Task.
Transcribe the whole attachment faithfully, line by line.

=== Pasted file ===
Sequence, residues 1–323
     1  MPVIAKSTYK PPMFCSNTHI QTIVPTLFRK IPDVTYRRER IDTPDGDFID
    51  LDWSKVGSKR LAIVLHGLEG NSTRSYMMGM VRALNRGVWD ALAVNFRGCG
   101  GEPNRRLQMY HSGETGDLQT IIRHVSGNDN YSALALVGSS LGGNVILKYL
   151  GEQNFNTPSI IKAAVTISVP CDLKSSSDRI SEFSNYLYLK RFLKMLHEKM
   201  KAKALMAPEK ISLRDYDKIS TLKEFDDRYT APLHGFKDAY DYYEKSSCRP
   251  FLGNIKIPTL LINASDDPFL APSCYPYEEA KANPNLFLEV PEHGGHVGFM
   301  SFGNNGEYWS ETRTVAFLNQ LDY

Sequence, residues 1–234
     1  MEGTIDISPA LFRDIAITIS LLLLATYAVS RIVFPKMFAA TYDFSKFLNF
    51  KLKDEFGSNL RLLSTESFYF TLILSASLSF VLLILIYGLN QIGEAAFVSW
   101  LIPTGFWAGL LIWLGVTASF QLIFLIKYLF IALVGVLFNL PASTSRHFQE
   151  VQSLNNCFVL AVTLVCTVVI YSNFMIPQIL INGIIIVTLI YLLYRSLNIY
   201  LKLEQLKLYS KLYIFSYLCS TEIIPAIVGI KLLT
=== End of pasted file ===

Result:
Sequence, residues 1–323
     1  MPVIAKSTYK PPMFCSNTHI QTIVPTLFRK IPDVTYRRER IDTPDGDFID
    51  LDWSKVGSKR LAIVLHGLEG NSTRSYMMGM VRALNRGVWD ALAVNFRGCG
   101  GEPNRRLQMY HSGETGDLQT IIRHVSGNDN YSALALVGSS LGGNVILKYL
   151  GEQNFNTPSI IKAAVTISVP CDLKSSSDRI SEFSNYLYLK RFLKMLHEKM
   201  KAKALMAPEK ISLRDYDKIS TLKEFDDRYT APLHGFKDAY DYYEKSSCRP
   251  FLGNIKIPTL LINASDDPFL APSCYPYEEA KANPNLFLEV PEHGGHVGFM
   301  SFGNNGEYWS ETRTVAFLNQ LDY

Sequence, residues 1–234
     1  MEGTIDISPA LFRDIAITIS LLLLATYAVS RIVFPKMFAA TYDFSKFLNF
    51  KLKDEFGSNL RLLSTESFYF TLILSASLSF VLLILIYGLN QIGEAAFVSW
   101  LIPTGFWAGL LIWLGVTASF QLIFLIKYLF IALVGVLFNL PASTSRHFQE
   151  VQSLNNCFVL AVTLVCTVVI YSNFMIPQIL INGIIIVTLI YLLYRSLNIY
   201  LKLEQLKLYS KLYIFSYLCS TEIIPAIVGI KLLT